Dr. Yuji Naya group revealed distinct neural networks of parietal cortex for spatial representations inside and outside the visual field


        On Feb 25, 2022, a paper entitled “Distinct networks coupled with parietal cortex for spatial representations inside and outside the visual field” was online published in NeuroImage by Dr. Yuji Naya group in the School of Psychological and Cognitive Sciences at Peking University and the PKU-IDG/McGovern Institute for Brain Research.

  While planning to reach a target, it is necessary to obtain its location information from “egocentric” spatial coordinates (Stein, 1989), which includes the space inside the visual field as well as the space outside the visual field. Nevertheless, previous studies mostly examined the target representation within the visual field (Abrahams et al., 1997; Wolbers et al., 2008; Guterstam et al., 2015), the neural representaiton of target outside the visual field has been neglected. Classic phenomenon, known as the “alignment effect” (Presson and Hazelrigg, 1984) or “front facilitation” (Kelly and McNamara, 2009), suggested that the external spaces surrounding our body might be coded heterogeneously by different neural systems depending on the target location along the anterior-posterior axis of the self-body. For example, a decreased performance (Attneave and Farrar, 1977) or prolonged response latency (Sholl, 1987) was observed when locating a target behind self-body. The present study thus investigated the neural architectures that support the mental representations of egocentric space inside and outside the visual field.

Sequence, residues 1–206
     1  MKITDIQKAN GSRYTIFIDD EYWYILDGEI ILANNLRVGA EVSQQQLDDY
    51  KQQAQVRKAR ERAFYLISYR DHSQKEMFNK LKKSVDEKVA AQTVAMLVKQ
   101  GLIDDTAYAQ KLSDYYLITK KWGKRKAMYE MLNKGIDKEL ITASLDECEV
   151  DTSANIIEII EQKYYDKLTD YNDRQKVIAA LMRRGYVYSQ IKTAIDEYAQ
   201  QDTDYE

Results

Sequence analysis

fMRI and MEG were applied to a spatial-memory paradigm using a virtual environment for human participants (Fig. 1a)(Zhang and Naya, 2020). In the paradigm, participants walked towards three objects and stopped at the center of them (walking period), during which participants encoded the spatial relationship of the three objects. One of the three objects was then presented with the environmental background, which prompted participants to feel as if they were facing the objects in the virtual environment (facing period). Next, one of the other two objects was presented as the target object (targeting period), participants remembered the location of the target object relative to the self-body, this to-be-remembered targeting location could be in the left, right, or back positions relative to participants (Fig. 1b). This spatial-memory paradigm allowed us to compare the neural representations of egocentric space inside (left/right-target condition) and outside (back-target condition) of the visual field, and localize the target representation with a control condition, where no spatial demands were required in the facing and targeting period.

  Fig. 1 Spatial-memory paradigm. (a) Each trial consisted of four periods. Walking period: participants walked toward three human characters using the first-person perspective and stopped on a wood plate in the center. Facing period: one of the human characters was presented, indicating the participant’s self-orientation. Targeting period: a photo of the target character was presented on a scrambled background. Choice period: participants chose the number on response cue indicating the position of the target character relative to their body. (b) The spatial relationship between the participant and the human characters corresponding to the examplar trial in (a), where the target was behind the participant (black circle).